So passionate was Warren’s dedication to the cause of liberty that he told his mother in the weeks before the battle,
Where danger is, dear mother, there must your son be. Now is no time for any of American’s children to shrink from any hazard. I will set her free or die.
Or maybe he had a death wish.
When the British taunted that the patriots wouldn’t fight, he declared, “I hope I shall die up to my knees in blood!”
Joseph Warren was born June 11, 1741, in Roxbury, Mass., a prosperous farmer’s son. After graduating from Harvard he practiced medicine and surgery in Boston.
Warren also had Loyalist patients: the children of Thomas Hutchinson, British Gen. Thomas Gage and his wife Margaret. Some believe Joseph Warren had an affair with Margaret Gage after his own wife died. She may have tipped him off about the British plans to raid Concord and arrest Hancock and Adams.
Son of Liberty
Joseph Warren was gregarious, charming and a powerful speaker who enlisted in the patriot cause.
He played a leading role in the fight for independence, joining Sam Adams and John Hancock in the Sons of Liberty. In 1775, he won election as president of the Massachusetts Provincial Congress. In addition to practicing medicine in Boston, he gave speeches, wrote newspaper essays and authored the Suffolk Resolves, a bold declaration of resistance to British authority.
On the day of the Battles of Lexington and Concord, Joseph Warren sneaked out of Boston and led militia in harassing the British returning to the city. A musket ball struck his wig, nearly killing him. That’s when he told his mother he wouldn’t shrink from danger.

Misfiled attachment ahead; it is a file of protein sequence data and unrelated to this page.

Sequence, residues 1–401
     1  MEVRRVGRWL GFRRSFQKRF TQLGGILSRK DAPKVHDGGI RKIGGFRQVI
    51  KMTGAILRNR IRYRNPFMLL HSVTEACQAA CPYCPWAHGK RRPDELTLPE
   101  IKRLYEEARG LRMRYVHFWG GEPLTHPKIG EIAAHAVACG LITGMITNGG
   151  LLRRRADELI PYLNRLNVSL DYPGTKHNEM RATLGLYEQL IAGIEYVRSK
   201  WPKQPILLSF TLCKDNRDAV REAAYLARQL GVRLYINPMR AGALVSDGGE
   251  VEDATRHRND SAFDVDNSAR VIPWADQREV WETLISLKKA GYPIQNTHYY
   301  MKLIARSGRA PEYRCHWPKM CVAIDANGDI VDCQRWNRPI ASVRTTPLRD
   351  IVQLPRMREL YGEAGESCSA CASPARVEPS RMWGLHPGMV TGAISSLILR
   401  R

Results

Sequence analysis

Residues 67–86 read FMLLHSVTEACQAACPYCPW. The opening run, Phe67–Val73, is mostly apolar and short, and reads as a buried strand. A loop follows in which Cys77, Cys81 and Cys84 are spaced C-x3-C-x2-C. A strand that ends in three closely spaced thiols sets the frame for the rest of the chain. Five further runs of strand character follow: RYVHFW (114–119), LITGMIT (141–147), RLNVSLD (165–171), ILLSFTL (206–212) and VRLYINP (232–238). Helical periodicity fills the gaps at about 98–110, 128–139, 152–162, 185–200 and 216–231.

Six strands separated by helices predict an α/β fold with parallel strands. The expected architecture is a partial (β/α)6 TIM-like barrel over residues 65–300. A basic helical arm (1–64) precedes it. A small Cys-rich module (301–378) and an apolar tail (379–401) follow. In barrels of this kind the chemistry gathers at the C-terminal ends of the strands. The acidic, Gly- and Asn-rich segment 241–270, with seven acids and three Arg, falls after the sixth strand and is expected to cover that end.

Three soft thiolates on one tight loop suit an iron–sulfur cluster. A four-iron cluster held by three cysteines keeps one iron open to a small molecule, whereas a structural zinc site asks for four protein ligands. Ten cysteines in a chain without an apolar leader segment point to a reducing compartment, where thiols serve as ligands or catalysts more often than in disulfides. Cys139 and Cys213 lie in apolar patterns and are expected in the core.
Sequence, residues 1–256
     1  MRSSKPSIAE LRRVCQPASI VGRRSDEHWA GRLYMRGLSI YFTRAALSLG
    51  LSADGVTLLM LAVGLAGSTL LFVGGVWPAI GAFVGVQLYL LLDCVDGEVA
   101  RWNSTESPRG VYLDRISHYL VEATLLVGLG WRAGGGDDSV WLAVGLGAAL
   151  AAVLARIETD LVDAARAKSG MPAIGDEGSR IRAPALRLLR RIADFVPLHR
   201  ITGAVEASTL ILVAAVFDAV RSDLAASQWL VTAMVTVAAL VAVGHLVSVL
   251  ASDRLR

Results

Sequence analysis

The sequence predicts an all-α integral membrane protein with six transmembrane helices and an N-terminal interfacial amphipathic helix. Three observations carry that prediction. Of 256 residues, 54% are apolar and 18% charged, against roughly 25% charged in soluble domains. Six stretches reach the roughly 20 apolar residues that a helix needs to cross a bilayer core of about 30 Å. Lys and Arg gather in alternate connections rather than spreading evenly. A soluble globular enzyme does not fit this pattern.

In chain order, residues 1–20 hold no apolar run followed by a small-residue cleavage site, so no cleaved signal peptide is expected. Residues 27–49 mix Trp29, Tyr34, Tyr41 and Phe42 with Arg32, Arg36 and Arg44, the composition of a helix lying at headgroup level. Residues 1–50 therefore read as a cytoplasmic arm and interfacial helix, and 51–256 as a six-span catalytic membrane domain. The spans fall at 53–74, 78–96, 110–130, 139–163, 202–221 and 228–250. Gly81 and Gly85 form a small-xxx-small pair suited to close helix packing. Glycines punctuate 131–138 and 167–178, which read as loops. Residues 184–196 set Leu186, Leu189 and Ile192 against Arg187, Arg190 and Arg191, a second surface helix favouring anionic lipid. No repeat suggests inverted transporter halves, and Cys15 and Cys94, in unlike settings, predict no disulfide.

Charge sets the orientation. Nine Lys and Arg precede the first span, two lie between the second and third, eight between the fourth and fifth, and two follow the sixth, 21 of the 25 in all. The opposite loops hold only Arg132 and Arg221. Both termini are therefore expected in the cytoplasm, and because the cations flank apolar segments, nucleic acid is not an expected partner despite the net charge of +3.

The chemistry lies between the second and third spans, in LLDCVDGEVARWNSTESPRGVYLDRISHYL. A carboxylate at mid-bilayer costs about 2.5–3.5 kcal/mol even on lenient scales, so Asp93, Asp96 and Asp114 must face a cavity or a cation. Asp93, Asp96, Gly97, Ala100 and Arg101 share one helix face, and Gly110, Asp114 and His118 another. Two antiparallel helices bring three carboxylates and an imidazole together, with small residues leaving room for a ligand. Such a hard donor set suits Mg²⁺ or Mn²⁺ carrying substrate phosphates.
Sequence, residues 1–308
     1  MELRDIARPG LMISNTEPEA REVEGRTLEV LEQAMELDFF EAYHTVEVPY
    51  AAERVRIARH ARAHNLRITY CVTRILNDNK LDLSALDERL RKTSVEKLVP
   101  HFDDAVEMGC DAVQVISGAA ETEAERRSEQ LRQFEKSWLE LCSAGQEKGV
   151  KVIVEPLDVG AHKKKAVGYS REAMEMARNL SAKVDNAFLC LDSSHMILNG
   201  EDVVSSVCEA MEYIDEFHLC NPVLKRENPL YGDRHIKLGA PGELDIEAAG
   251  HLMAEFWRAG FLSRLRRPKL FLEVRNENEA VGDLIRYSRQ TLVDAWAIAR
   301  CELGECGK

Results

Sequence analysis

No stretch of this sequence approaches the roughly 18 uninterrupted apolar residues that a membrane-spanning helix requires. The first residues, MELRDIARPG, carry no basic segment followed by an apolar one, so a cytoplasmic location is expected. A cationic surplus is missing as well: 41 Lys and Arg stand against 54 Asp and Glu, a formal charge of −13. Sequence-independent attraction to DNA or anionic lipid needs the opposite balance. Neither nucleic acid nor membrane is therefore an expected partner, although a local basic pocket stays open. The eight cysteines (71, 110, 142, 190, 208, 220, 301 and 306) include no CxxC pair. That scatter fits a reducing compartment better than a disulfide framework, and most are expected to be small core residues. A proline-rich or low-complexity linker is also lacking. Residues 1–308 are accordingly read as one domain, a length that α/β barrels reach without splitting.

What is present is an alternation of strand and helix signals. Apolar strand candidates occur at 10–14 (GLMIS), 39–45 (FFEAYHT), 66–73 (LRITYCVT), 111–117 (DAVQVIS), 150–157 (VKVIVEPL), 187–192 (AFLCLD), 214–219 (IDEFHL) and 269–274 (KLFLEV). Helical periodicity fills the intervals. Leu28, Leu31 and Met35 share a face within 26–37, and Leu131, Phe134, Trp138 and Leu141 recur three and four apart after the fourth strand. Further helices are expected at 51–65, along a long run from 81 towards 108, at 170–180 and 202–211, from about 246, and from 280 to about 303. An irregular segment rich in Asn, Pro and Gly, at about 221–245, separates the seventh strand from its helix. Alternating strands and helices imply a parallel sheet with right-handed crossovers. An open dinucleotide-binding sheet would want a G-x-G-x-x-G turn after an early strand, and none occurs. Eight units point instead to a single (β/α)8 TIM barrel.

Warren returned to Boston, where he organized soldiers for the siege of Boston and negotiated with Gage.
On June 13, colonial leaders learned the British planned to send troops to take the unoccupied hills surrounding the besieged city. That night, 1,200 colonial troops stealthily occupied Bunker Hill and Breed’s Hill, on which they built an earthworks overnight.
Warren showed up the next day and asked Gen. Israel Putnam where the heaviest fighting would be. Commissioned a major general in the Massachusetts militia, he insisted on fighting as a private because he had no military experience.
During the battle on June 17 he fought behind the earthworks until the patriots exhausted their ammunition. He stayed there to give the militia time to escape while the British made their final assault. A British officer recognized him and shot him in the head. Joseph Warren died instantly.
The British stripped his body and stabbed it beyond recognition, then threw him into a shallow grave with another patriot killed in the battle. Paul Revere later identified his body.
…are reinforced but have not Advanced, so things remain at present as they were we have killed many men & have killed & wounded about [six] hundred by the best accounts I can get. Among the first of which to our inexpressible Grief is my Friend Doctor Warren who was killd. it is supposed in the Lines on the Hill at Charlestown in a Manner more Glorious to himself than the fate of Wolf on the plains of Abraham. Many other officers are wounded and some killd. it is Impossible to describe the Confusion in this place, Women & Children flying into the Country, armed Men Going to the field, and wounded Men returning from there fill the Streets.
Had Warren lived, said Loyalist Peter Oliver in 1782, George Washington would have been ‘an obscurity.’
Of Joseph Warren, military historian Ethan Rafuse wrote, “No man, with the possible exception of Samuel Adams, did so much to bring about the rise of a movement powerful enough to lead the people of Massachusetts to revolution.”
This story about Joseph Warren was updated in 2021.